Indeed, virtually all new servers, desktop, and laptop computers being sold today have 64-bit hardware and operating systems. Some high-end cell phones and tablets also have 64-bit hardware and operating systems. However, the hardware and operating system are only part of the Y2038 issue. There are many other technical areas where Y2038 issues may exist, including application software, peripheral hardware, device drivers, file systems, databases, communication protocols, web content, and embedded systems. Computers with 64-bit hardware and operating systems are capable of running 32-bit software which may not be Y2038-compliant. Even 64-bit software may not be Y2038-compliant.
It is also important to consider that most of the billions of embedded systems today and likely trillions that will exist by 2038 will still be using 32-bit (or less) CPUs due to factors such as power usage and the higher cost and complexity of 64-bit CPUs. Many embedded systems will not experience Y2038 issues, but a significant portion of them may.
There may be several reasons. One reason is of course that the Y2038 event seems so far off. Being over 20 years away, there is no sense of immediate urgency to fix anything. However, this is the same type of thinking that was partly responsible for the creation of the Y2038 issue to begin with.
Another reason you may not have heard about Y2038 is probably due to the extensive media coverage that preceded Y2K. Perhaps in part due to the heightened awareness by mainstream media, the Y2K issue was almost fully mitigated prior to Jan 1, 2000. When Jan. 1, 2000 arrived, there were no catastrophes, and there was a public sense that the Y2K event had been over-hyped. In fact, it is likely that the extensive Y2K media coverage forced businesses to thoroughly and proactively address it. (Chances are, media coverage will similarly increase before 2038).
Yet another reason may be a general lack of understanding of Y2038. Y2K was fairly easy to understand, but Y2038 requires a deeper understanding about the digital representation of time in computers.
It depends. If your company’s products and/or services use time and have a 20+ year life cycle, then the answer is definitely yes. Examples are satellites, power plants, airplanes, trains, elevators, pace makers, life insurance, and mortgage services. If your products have a much shorter life cycle, then you still have some time. Just realize that the results of many projects may get used for longer than expected.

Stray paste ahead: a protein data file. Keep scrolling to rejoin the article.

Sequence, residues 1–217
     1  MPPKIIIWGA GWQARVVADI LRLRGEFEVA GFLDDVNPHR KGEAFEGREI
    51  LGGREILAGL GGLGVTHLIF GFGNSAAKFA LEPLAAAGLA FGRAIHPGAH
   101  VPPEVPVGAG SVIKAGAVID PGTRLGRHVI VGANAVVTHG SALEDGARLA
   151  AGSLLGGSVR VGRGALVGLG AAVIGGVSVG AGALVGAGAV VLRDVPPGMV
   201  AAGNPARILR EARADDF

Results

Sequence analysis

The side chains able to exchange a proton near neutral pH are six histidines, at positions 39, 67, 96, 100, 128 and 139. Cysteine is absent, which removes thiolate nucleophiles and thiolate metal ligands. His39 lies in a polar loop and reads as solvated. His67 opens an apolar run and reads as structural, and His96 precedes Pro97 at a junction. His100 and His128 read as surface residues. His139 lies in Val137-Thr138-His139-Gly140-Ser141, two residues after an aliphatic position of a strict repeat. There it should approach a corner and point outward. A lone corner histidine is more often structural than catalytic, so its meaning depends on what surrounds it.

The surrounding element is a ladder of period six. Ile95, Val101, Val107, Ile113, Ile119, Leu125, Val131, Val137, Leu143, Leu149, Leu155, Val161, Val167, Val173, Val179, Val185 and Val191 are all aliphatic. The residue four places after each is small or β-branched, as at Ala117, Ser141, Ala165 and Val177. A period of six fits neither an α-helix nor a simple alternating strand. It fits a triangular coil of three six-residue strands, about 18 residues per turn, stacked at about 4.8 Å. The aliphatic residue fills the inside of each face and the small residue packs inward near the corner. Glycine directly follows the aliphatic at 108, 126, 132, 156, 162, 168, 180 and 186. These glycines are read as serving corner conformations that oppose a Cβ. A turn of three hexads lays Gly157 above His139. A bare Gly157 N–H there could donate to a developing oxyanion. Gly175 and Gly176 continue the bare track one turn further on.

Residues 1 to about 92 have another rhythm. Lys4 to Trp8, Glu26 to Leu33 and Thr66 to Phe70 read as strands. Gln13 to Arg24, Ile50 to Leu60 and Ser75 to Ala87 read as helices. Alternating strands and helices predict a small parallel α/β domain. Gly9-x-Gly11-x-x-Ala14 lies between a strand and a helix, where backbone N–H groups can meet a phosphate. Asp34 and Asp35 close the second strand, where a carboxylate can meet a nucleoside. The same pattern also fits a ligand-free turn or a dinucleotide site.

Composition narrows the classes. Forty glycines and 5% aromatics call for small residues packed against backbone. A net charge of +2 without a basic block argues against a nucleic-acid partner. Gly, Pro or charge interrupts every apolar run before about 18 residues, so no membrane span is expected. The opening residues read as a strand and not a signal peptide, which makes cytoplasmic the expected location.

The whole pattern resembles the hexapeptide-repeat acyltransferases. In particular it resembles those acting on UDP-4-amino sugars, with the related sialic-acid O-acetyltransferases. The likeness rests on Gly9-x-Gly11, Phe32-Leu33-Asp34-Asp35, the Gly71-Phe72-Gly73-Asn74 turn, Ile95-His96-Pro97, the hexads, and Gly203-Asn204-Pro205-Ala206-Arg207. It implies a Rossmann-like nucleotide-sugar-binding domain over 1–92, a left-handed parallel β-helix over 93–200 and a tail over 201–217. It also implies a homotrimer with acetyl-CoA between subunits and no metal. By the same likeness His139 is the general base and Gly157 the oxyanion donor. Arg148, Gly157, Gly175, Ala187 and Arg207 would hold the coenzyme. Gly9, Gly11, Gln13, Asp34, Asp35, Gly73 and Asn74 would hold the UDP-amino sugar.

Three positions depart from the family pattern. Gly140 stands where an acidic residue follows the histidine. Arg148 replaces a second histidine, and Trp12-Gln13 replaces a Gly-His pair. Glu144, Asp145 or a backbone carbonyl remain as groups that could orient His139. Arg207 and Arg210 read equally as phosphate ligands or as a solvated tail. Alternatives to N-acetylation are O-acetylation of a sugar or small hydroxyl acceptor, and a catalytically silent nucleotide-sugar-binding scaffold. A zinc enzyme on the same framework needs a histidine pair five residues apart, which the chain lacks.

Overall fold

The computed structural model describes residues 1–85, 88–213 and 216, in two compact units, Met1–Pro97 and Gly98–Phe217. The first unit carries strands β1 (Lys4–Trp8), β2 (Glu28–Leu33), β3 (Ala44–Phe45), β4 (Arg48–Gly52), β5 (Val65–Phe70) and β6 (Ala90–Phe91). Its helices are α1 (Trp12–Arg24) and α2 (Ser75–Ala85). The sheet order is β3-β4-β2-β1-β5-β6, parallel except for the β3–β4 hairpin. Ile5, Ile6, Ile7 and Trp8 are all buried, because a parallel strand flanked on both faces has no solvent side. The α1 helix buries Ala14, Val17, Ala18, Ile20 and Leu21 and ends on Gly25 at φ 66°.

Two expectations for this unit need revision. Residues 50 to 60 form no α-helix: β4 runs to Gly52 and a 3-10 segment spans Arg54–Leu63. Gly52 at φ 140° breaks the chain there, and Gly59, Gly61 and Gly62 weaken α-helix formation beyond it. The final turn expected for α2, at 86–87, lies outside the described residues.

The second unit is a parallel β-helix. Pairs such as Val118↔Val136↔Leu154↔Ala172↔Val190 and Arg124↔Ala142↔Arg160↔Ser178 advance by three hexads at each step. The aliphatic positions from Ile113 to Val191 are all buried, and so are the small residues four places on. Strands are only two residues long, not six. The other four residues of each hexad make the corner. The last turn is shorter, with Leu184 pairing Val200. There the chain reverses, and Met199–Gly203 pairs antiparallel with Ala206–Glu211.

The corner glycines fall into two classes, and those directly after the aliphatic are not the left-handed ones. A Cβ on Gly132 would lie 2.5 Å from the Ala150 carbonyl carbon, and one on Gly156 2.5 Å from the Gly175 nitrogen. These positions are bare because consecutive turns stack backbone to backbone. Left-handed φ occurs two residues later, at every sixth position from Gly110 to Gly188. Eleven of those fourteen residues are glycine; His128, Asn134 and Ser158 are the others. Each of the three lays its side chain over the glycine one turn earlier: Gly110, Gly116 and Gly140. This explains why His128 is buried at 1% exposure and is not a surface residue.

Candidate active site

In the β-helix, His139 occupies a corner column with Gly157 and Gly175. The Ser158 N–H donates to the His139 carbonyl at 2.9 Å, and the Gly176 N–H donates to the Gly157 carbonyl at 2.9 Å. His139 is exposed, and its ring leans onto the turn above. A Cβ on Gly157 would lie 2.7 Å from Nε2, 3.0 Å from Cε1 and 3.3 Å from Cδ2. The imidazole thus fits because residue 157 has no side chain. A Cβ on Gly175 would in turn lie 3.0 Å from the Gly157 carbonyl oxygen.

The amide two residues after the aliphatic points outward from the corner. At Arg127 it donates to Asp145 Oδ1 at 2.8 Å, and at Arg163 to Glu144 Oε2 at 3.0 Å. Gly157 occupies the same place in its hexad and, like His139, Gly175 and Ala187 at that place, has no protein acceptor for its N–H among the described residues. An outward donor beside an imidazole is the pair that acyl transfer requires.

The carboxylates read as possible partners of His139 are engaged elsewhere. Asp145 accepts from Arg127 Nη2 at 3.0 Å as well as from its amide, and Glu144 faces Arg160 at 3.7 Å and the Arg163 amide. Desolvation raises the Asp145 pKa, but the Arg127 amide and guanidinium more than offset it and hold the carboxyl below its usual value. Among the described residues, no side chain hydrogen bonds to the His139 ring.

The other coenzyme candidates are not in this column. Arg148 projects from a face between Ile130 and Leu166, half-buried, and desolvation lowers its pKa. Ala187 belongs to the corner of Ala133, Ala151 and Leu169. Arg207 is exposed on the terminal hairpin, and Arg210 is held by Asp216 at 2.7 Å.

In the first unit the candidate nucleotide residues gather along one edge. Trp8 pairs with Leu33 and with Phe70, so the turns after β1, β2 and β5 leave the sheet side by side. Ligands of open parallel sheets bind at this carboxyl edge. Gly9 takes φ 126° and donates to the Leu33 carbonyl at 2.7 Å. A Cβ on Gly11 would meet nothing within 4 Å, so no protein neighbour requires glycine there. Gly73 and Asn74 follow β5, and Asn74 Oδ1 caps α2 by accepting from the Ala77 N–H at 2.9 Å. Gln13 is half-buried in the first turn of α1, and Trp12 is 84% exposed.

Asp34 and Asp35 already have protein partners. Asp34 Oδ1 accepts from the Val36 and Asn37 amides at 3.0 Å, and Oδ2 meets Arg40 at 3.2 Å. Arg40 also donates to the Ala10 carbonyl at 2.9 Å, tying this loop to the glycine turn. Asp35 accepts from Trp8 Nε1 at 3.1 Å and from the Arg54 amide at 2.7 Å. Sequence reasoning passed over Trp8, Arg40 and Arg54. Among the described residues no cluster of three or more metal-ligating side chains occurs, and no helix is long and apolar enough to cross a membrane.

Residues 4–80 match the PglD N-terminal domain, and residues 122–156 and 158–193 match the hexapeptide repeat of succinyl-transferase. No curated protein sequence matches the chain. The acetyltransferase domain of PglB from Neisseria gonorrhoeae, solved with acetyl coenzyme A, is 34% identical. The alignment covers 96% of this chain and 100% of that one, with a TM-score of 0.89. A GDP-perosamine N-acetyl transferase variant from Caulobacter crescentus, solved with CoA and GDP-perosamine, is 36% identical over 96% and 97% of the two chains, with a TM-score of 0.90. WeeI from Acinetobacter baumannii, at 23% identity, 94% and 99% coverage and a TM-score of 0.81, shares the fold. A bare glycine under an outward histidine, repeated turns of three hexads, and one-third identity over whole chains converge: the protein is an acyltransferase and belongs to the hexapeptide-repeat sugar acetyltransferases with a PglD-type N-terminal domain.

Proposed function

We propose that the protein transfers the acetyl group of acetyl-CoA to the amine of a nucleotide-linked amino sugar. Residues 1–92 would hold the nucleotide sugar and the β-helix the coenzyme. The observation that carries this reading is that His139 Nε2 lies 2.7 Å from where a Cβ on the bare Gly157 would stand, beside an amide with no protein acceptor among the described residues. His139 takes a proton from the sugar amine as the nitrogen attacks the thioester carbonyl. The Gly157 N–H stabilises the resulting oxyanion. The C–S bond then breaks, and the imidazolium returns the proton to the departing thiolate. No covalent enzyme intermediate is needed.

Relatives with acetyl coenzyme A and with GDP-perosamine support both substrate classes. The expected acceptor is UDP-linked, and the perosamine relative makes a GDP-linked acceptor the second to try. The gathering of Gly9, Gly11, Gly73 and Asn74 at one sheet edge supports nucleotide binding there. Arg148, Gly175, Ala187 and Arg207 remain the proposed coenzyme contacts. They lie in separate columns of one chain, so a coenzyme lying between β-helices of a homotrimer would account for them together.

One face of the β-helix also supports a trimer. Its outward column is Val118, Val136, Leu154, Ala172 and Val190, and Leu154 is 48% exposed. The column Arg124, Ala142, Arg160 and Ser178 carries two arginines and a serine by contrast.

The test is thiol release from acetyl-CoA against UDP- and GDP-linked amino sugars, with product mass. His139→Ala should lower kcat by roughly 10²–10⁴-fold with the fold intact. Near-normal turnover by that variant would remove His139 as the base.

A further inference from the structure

We suggest making Y2038 compliance a requirement for all new projects, and test for it. Starting early allows plenty of time to identify dependencies on third-party products and contact those vendors for Y2038-compliant replacements, or find alternate vendors. It is much better to be proactive about Y2038 compliance rather than waiting for customers to discover issues.
Y2038 refers to an issue related to the way time is handled by computers. Time is often represented as the number of seconds since Jan 1, 1970. Whenever a 32-bit signed integer is used for this, the maximum value that can be represented is +/- ~68 years, 19 days from the epoch, which corresponds to Jan 19, 2038. What happens after that is system dependent, but generally not good. A computer may act as if its time got reset to Dec 1901, or possibly to the epoch of Jan 1, 1970. It may give unexpected results or crash.
Basically, any software that uses time in any way may potentially have Y2038 issues. While only a small percentage of each software component is typically affected, this is still enough to cause many problems. Embedded systems with 32-bit cores and computers running 32-bit versions of Linux and Windows and are particularly at risk, but even 64-bit computer systems may have problems. In 64-bit computer systems, time can be represented in 64-bit integers, but Y2038 issues may still exist in applications, device drivers, databases, storage systems, and network protocols.